Ephesians 3:1–7 (NKJV)
For this reason I, Paul, the prisoner of Christ Jesus for you Gentiles— if indeed you have heard of the dispensation of the grace of God which was given to me for you, how that by revelation He made known to me the mystery (as I have briefly written already, by which, when you read, you may understand my knowledge in the mystery of Christ), which in other ages was not made known to the sons of men, as it has now been revealed by the Spirit to His holy apostles and prophets: that the Gentiles should be fellow heirs, of the same body, and partakers of His promise in Christ through the gospel, of which I became a minister according to the gift of the grace of God given to me by the effective working of His power.
Paul sees his calling – to bring the gospel to the gentiles – as a special dispensation of the grace of God which was given to me for you. In the great plot twist of God expanding His covenant to include the gentiles, He put an exclamation point on it by selecting Paul to carry that message.
No one could have been more ironic for this mission than Paul. He was the leading persecutor of the church. So, of course, God picks him to carry the gospel forth – and, just to add to the irony, Paul doesn’t get to carry it to his people (the Jews) but to the last people on earth he would want to carry it to (the gentiles). Plus, Paul gets beaten, stoned and imprisoned along the way.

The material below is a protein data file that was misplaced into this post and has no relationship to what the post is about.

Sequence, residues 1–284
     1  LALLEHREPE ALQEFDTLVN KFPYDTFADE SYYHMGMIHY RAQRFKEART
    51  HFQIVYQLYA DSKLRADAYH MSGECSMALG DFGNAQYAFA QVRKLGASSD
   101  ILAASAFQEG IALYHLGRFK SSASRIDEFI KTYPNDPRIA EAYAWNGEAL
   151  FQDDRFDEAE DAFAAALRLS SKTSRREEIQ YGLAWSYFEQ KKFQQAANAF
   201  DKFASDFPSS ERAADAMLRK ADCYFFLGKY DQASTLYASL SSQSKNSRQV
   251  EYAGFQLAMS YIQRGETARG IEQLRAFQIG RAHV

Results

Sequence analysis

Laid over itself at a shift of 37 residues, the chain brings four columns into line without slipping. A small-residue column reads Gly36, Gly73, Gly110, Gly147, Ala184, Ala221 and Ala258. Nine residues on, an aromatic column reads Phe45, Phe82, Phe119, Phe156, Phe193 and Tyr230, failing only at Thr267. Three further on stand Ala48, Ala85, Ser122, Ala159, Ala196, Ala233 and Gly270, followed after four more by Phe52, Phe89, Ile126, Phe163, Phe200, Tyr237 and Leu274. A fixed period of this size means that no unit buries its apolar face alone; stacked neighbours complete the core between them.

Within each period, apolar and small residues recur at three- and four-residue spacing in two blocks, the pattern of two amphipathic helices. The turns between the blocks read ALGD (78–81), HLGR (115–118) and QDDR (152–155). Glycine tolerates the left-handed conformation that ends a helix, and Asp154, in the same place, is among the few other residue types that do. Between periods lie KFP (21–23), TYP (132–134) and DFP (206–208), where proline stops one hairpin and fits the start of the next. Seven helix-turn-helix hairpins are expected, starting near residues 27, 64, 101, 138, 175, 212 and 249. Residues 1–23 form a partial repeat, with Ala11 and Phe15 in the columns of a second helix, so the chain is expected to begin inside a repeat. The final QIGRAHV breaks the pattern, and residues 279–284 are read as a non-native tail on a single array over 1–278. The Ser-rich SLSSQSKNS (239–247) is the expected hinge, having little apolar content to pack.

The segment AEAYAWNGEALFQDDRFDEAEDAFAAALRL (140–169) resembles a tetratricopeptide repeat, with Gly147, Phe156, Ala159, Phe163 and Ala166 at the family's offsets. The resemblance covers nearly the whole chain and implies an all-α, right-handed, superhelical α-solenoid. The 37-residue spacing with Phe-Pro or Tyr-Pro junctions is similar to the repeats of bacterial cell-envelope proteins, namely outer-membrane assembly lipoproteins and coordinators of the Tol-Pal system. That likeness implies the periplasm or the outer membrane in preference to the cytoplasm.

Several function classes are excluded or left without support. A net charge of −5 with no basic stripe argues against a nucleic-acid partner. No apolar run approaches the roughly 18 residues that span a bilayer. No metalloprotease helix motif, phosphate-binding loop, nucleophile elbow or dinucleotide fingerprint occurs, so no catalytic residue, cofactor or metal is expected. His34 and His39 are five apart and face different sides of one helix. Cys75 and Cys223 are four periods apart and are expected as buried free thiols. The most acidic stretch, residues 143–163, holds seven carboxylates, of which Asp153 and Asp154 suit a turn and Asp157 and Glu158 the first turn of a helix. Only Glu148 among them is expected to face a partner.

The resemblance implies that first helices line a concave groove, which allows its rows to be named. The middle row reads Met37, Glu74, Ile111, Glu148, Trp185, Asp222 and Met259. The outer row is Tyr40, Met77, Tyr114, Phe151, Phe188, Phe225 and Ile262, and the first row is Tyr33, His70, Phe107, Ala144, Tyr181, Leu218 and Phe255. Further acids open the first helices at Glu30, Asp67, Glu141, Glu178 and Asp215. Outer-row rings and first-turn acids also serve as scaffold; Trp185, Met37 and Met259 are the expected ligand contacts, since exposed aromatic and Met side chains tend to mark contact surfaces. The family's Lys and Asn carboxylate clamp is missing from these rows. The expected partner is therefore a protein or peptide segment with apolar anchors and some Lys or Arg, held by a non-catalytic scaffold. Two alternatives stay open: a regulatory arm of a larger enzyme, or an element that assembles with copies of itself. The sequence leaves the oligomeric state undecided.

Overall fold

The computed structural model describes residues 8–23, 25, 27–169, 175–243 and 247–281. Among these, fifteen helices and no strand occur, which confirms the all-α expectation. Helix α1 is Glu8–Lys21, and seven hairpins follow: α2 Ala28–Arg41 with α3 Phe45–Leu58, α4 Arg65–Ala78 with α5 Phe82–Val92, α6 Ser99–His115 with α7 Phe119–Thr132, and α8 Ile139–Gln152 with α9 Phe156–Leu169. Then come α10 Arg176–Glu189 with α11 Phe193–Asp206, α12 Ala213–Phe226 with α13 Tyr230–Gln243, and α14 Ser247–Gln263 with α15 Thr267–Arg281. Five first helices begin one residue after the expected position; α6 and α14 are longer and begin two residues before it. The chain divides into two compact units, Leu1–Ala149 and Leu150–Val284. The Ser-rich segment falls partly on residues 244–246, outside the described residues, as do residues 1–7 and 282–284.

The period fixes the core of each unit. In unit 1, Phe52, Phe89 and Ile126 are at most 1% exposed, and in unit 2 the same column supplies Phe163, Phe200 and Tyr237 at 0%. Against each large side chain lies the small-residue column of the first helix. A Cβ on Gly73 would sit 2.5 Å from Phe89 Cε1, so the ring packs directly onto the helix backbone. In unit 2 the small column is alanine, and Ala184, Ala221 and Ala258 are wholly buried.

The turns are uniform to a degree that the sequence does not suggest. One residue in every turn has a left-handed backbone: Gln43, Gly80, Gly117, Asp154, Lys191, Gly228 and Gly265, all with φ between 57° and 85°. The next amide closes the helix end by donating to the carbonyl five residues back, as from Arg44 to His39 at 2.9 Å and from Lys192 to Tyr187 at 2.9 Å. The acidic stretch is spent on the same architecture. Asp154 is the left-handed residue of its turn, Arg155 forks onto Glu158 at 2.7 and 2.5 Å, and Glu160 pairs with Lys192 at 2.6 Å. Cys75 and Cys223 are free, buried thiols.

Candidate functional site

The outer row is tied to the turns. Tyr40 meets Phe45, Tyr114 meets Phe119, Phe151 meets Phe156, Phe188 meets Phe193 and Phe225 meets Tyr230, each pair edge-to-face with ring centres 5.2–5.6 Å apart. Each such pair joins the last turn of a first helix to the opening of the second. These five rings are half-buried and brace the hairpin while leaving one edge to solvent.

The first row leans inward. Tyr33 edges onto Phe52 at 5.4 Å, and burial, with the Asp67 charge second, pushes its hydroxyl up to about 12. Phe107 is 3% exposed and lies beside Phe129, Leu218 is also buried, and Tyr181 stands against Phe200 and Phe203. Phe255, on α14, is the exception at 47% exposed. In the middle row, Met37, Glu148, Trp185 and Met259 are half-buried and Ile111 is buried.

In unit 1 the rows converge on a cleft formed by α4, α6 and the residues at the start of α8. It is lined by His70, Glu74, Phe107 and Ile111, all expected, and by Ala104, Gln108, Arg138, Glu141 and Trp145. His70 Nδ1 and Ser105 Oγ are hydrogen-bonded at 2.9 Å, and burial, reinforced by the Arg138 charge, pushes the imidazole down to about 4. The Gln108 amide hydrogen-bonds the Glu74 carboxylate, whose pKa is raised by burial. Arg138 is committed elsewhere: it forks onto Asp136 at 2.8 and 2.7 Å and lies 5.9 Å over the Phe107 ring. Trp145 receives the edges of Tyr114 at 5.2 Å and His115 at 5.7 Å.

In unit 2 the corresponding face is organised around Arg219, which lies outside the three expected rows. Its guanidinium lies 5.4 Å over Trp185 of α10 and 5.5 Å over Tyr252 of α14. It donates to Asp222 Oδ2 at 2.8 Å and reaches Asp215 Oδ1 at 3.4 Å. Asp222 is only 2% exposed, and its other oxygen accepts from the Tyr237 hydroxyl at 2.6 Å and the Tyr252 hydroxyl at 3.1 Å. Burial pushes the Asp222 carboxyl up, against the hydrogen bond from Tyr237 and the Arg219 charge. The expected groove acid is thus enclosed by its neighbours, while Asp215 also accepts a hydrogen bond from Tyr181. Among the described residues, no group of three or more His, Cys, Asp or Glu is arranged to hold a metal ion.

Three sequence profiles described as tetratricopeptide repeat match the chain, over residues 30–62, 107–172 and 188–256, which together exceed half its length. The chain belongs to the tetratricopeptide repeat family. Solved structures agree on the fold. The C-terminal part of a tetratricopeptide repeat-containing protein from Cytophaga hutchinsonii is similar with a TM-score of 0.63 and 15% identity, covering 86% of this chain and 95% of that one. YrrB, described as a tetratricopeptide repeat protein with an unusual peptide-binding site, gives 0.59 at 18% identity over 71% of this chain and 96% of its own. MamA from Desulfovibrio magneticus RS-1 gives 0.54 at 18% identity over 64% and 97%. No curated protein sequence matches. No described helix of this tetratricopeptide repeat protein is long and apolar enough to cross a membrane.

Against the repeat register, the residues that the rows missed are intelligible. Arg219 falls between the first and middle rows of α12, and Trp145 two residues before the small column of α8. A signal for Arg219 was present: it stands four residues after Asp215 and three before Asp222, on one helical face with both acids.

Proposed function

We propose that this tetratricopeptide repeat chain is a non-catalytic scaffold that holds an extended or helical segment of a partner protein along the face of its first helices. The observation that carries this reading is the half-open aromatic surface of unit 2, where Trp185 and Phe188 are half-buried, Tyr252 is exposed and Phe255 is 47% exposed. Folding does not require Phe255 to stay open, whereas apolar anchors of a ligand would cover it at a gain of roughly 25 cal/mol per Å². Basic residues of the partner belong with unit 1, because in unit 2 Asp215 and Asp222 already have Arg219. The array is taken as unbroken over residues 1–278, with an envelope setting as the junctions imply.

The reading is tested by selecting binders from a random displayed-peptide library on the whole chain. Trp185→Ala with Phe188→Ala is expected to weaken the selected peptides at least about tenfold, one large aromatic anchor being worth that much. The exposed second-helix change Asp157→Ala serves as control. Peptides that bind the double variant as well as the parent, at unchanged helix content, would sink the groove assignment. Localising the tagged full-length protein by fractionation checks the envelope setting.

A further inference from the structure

So, how does Paul react to all this? He takes to it like a duck to water. He gets it. His conversion on the road to Damascus, along with some of the messages he received at that time, warned him of what’s coming. He suffers a ton, but he knows it’s “for a good cause.”
Specifically, he appreciates that God made known to me the mystery … which in other ages was not made known to the sons of men. That’s a blessing literally worth dying for.
There’s a strange psychological phenomenon where pain is, in a sense, not painful. If you know something is supposed to hurt, and that pain isn’t a sign of something out of whack, then the pain is easier to bear.
The simplest example comes from weightlifting. A super intense “burnout” set can make you sore as the dickens the next day. But you expect that; you literally volunteered for it. You know it’s coming, and you know it’s not a sign that something’s wrong. This makes the pain somehow not “painful,” even if you’re so sore you can’t get out of bed.
Paul seems to be reacting this way to his trials. We wouldn’t say he volunteered for them – it was imposed on him by Christ – but he sees them as appropriate and not mysterious. He also appreciates the gifts that came as part of the deal. So, Paul deals with his deprivations almost as if they don’t hurt at all.
That’s where we come in. Life in Christ isn’t joining a country club. We’re supposed to appreciate things that might look, on the surface, to be anything but fun. They will happen. They’re supposed to happen.
Keep an eye out for those things. They’re clues.
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